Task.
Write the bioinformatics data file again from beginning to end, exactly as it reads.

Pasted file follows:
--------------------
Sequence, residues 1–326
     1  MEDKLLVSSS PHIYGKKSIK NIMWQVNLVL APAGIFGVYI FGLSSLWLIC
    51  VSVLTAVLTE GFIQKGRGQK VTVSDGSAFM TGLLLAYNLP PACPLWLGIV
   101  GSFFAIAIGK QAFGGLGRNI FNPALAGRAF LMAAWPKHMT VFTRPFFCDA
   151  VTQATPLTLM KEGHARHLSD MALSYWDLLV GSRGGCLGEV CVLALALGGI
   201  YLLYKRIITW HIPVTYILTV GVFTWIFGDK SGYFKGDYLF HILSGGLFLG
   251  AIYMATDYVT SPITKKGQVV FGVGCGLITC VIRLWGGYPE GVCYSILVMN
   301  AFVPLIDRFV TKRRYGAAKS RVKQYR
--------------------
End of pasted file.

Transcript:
Sequence, residues 1–326
     1  MEDKLLVSSS PHIYGKKSIK NIMWQVNLVL APAGIFGVYI FGLSSLWLIC
    51  VSVLTAVLTE GFIQKGRGQK VTVSDGSAFM TGLLLAYNLP PACPLWLGIV
   101  GSFFAIAIGK QAFGGLGRNI FNPALAGRAF LMAAWPKHMT VFTRPFFCDA
   151  VTQATPLTLM KEGHARHLSD MALSYWDLLV GSRGGCLGEV CVLALALGGI
   201  YLLYKRIITW HIPVTYILTV GVFTWIFGDK SGYFKGDYLF HILSGGLFLG
   251  AIYMATDYVT SPITKKGQVV FGVGCGLITC VIRLWGGYPE GVCYSILVMN
   301  AFVPLIDRFV TKRRYGAAKS RVKQYR